Neutrality in today’s world

Never miss the opportunities thrown up by a crisis to advance long-held goals! The Russian invasion of Ukraine has provided such an opportunity for the Irish establishment and the establishment media to push forward their long-held agenda to ditch Irish neutrality and to use the Ukrainian crisis to push for even greater military and political co-operation and co-ordination with the European Union.

Neutrality was in many ways a genuine desire not to get involved with the imperial powers but was also a legacy of the War of Independence and the role played by the British in the war against republicans in 1922–23. There was no stomach to back the British or to allow British forces back or to use any part of the 26-County state.

Irish neutrality has a long history and was a vital position of the more radical forces within the national independence movement, from Wolfe Tone in the 1790s to James Connolly and the Neutrality League of 1914. Even during the bleak 1930s and during the Second World War the 26-County state stayed out of the conflict.

Not alone did partition fracture our people, in particular the working class, with a significant section of the people divided by the imposed British border, but also the Six Counties remained within the British imperial military strategy and of critical strategic importance, given its relation to the North Atlantic. So part of the Irish people have been and still remain part of NATO.

The Irish establishment, particularly that section whose economic interests lay in retaining maximum economic relations and subservience to the needs of imperialism—Fine Gael—have always had a hostile attitude to neutrality. Both Fianna Fáil and the Labour Party have had an ambivalent attitude, using neutrality when it suited them but never fully embracing it. They never supported the demand for neutrality to be enshrined in the Constitution. Nor was there ever any attempt to join the Non-Aligned Movement but instead they studiously avoided having any relationship with it.

There was never any effort to establish anti-imperialist or even anti-colonial credentials by the political leadership of this state. Their economic subservience to imperialism was of primary importance to their own material interests.

There have been a number of important occasions when this state used its international standing. It played a central role in securing the support of the United Nations for the adoption of the Nuclear Non-Proliferation Treaty in July 1968. Because of his role in promoting non-proliferation during the period 1958–1961 the then minister for external affairs, Frank Aiken, was the first person to sign the treaty.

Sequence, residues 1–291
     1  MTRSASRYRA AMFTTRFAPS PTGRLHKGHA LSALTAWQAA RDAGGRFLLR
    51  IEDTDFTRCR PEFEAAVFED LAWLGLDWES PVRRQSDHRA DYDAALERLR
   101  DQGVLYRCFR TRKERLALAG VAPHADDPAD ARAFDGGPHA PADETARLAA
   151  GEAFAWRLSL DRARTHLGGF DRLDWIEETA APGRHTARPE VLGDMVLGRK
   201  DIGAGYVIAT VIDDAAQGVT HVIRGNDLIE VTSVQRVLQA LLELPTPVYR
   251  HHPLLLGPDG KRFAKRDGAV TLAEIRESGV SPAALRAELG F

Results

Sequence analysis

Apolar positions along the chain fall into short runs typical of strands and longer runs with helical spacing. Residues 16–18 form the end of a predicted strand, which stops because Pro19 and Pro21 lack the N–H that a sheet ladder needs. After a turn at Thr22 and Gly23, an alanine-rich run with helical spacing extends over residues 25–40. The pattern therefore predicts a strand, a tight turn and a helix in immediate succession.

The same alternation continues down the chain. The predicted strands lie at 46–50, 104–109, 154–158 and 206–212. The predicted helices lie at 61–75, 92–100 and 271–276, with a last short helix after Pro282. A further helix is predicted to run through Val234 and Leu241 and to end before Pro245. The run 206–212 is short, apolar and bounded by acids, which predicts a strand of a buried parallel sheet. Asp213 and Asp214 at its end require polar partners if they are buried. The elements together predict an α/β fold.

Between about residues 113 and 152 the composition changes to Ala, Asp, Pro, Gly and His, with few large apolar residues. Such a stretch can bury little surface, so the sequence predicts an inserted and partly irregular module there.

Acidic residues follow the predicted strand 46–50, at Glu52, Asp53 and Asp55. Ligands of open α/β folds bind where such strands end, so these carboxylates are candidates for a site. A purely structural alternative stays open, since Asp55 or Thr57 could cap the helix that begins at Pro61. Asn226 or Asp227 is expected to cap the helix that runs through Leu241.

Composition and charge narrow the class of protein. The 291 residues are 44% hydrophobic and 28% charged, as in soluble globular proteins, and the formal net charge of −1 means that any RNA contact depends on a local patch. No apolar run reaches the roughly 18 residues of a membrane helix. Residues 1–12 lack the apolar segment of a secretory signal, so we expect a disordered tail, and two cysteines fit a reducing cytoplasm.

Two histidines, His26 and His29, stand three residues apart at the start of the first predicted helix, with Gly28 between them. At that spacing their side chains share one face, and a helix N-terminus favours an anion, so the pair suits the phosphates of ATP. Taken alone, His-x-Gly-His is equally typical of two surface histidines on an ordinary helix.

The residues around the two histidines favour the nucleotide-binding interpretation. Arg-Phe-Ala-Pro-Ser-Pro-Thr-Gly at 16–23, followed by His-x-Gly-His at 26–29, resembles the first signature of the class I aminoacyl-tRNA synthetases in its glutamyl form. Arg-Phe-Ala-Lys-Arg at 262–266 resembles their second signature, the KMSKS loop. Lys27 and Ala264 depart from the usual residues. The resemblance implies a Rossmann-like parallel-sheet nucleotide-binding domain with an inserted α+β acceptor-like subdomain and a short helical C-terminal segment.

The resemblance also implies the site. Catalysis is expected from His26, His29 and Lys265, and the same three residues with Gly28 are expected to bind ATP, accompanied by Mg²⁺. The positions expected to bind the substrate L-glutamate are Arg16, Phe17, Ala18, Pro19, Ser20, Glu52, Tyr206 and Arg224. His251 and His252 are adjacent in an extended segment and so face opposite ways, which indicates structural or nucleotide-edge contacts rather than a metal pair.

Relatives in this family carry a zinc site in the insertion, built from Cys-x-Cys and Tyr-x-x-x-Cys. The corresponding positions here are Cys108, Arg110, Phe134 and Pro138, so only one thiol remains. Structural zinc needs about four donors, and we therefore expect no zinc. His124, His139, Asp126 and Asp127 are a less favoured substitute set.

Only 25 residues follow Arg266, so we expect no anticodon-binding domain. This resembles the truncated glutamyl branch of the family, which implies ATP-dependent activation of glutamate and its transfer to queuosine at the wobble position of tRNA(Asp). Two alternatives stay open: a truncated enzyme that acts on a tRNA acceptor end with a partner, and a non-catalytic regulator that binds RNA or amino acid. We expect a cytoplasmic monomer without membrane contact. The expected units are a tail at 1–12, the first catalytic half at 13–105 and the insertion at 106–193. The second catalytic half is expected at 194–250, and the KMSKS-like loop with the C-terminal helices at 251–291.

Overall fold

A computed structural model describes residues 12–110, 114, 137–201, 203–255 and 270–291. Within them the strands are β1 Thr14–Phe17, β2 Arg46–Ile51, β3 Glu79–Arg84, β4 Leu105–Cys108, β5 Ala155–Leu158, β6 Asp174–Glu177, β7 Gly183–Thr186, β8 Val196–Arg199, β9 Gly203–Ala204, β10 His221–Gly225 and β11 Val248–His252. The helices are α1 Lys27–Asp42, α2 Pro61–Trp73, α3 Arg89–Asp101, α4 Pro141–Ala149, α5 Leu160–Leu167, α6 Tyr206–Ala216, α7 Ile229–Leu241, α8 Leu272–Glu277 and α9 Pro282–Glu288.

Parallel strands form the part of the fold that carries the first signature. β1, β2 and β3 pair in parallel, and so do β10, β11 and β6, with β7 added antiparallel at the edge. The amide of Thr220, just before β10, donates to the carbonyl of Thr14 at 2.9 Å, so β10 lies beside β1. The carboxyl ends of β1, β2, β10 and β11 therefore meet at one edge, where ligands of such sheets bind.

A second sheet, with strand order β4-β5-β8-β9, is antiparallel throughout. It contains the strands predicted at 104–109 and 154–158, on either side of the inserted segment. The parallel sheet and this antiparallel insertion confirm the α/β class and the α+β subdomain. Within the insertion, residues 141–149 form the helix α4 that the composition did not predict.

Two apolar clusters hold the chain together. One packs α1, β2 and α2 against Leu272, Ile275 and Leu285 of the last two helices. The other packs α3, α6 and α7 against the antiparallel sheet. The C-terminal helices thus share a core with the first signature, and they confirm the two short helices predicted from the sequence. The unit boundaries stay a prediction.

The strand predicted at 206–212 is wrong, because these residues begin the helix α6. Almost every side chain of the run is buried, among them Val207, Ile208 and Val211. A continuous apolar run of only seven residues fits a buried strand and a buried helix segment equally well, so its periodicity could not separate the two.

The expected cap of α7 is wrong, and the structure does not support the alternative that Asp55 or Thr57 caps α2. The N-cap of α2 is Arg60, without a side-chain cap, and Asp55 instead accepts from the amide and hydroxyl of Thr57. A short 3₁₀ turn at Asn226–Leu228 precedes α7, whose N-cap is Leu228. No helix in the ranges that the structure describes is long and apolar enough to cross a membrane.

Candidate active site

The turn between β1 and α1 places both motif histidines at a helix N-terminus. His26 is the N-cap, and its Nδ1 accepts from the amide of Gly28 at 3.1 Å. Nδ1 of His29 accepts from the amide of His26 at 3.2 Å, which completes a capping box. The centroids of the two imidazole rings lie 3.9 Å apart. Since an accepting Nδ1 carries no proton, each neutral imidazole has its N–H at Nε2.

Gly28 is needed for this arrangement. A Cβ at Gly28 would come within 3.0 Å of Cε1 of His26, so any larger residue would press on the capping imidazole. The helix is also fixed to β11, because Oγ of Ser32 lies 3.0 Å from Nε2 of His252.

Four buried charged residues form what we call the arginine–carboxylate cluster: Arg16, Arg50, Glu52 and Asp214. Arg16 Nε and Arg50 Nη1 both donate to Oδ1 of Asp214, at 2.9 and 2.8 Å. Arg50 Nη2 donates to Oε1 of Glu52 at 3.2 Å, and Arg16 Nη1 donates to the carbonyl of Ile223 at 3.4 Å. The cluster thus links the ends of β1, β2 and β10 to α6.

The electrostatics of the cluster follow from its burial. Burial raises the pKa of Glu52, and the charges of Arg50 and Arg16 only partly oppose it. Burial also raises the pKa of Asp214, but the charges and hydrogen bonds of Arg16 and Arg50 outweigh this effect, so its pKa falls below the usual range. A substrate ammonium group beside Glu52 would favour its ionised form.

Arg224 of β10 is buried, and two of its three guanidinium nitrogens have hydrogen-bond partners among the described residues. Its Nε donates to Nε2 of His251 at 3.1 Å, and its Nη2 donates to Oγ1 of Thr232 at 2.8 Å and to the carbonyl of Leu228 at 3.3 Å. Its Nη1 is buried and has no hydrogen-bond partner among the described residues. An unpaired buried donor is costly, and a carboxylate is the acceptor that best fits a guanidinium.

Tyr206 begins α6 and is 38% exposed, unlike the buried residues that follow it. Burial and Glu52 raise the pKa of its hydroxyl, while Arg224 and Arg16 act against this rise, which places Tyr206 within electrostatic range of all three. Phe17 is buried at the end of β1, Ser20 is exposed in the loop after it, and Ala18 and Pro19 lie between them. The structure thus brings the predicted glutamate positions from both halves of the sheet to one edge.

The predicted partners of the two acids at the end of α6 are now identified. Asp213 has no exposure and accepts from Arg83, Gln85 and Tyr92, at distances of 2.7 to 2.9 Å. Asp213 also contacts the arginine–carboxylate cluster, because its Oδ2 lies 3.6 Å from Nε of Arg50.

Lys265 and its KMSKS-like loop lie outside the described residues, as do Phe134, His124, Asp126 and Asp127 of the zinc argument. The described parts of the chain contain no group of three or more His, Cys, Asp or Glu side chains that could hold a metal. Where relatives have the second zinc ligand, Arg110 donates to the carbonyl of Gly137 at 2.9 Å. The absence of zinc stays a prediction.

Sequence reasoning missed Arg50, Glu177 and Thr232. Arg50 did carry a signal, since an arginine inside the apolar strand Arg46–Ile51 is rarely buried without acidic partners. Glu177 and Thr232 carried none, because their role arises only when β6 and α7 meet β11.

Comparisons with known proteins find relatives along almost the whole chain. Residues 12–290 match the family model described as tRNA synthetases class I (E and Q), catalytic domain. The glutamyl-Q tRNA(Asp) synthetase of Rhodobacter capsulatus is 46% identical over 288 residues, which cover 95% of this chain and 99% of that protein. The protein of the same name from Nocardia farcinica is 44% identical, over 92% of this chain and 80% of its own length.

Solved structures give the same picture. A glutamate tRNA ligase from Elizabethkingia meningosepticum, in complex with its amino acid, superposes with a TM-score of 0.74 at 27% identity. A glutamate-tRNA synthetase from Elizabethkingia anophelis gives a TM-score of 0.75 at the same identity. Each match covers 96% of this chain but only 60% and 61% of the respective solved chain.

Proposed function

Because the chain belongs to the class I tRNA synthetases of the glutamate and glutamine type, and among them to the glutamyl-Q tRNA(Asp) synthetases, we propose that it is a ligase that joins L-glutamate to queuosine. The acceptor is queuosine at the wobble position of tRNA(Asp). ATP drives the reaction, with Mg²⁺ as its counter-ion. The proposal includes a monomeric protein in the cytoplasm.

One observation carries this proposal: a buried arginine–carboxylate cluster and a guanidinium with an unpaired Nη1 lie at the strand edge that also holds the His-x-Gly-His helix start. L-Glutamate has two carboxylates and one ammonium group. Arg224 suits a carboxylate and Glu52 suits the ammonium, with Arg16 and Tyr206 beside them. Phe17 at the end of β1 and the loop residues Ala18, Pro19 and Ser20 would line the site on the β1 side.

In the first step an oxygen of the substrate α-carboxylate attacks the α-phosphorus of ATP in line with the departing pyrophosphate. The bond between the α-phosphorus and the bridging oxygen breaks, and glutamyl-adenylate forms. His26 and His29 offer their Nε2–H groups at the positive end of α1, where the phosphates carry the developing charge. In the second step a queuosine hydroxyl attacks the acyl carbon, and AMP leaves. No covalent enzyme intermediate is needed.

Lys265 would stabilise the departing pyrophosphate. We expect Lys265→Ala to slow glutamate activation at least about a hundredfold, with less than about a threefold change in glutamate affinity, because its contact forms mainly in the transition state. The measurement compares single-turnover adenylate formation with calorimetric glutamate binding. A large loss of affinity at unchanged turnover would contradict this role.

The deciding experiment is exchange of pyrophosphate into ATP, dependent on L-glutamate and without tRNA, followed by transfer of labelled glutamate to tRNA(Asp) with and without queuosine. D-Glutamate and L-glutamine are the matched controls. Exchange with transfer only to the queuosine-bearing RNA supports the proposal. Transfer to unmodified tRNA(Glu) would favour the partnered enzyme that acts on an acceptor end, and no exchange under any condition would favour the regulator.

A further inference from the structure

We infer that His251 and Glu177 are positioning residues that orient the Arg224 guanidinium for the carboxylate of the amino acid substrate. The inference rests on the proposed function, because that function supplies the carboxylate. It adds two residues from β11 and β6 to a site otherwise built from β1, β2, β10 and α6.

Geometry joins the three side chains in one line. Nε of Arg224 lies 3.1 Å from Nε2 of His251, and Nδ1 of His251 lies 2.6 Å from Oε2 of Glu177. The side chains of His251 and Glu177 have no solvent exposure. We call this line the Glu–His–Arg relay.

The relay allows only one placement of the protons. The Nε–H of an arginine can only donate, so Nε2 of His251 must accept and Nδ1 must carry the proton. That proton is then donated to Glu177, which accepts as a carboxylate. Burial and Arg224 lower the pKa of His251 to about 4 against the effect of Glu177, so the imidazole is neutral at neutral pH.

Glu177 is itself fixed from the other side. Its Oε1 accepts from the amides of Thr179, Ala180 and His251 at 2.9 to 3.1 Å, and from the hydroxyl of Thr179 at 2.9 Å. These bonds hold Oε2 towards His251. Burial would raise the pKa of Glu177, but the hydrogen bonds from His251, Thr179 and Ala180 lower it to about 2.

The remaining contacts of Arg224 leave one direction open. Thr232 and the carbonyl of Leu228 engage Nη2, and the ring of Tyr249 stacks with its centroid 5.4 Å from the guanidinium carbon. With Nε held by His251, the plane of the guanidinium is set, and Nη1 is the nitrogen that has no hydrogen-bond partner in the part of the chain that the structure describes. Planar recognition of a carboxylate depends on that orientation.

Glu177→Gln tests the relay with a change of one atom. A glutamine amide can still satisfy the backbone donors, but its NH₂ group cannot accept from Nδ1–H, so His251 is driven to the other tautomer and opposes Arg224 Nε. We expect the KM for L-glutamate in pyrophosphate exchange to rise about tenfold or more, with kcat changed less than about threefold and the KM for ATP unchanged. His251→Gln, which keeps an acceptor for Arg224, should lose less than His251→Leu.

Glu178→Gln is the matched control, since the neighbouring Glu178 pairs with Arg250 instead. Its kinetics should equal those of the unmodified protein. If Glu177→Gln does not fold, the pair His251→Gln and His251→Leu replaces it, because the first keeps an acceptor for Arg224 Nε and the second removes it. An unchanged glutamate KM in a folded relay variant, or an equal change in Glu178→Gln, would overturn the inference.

But since Ireland joined the European Economic Community in 1973 this position has been steadily eroded. During the campaigns for all the treaties promoted by the EEC (later EU) in its strategy of building a unified political, economic and military bloc the Irish establishment have consistently denied that our membership, or the adoption of this or that treaty, would have any effect on our neutrality.

That has clearly not been the case. The foreign policy of the 26-County state is in step with the European Union and its global imperialist strategy. With the adoption and support of PESCO this state has committed itself to benchmarking EU military spending requirements.

Under the “triple lock,” if the number of military personnel is greater than twelve an overseas operation has to have the support of the Government, the Dáil, and the United Nations; any smaller number does not need to be made public or put before the Dáil. That is why Irish military personnel were able to take part in the war and the occupation of Afghanistan, and why we were able to back up France in its recent military adventures in Mali and its other former colonies in Africa.

Over the course of the conflict in Ukraine there has been a consistent assault on what remains of the neutrality of this state. Some commentators and politicians, particularly from within Fine Gael, openly state that it should join NATO, wile the more realistic recognise that joining NATO would be a step too far for Irish people, but they see the main prize as pushing forward and securing maximum political and military co-operation or subservience within the EU. It would be NATO by the back door.

The leaders of both Fianna Fáil and Fine Gael have shown that they put the interests of the EU ahead of those of our people. They are involved in the EU military escalation strategy rather than developing a peace strategy to bring the Russians and Ukrainians together.

This state won a seat on the UN Security Council on the grounds that it was neutral and that it understood the issues raised by the global south as a former colony itself. Neutrality does not mean doing nothing but rather being active in the struggle for peace, in nuclear disarmament, in the struggle for global economic and social justice.

The Irish people support neutrality by a large majority. They also support the demand for boycott, disinvestment and sanctions against the Zionist state of Israel; yet the Government refuses to activate the Occupied Territories Act. Yet it has supported, and continues to support, either actively or passively, the imposing of sanctions on countries and individuals.

We need to be fighting for a progressive neutrality, which would include taking action on

  • demilitarisation and de-escalation of the war in Ukraine
  • global nuclear disarmament
  • promoting the United Nations as the vehicle for negotiating an end to conflicts
  • campaigning for global economic, social and environment justice
  • promoting measures to challenge racism and all forms of discrimination.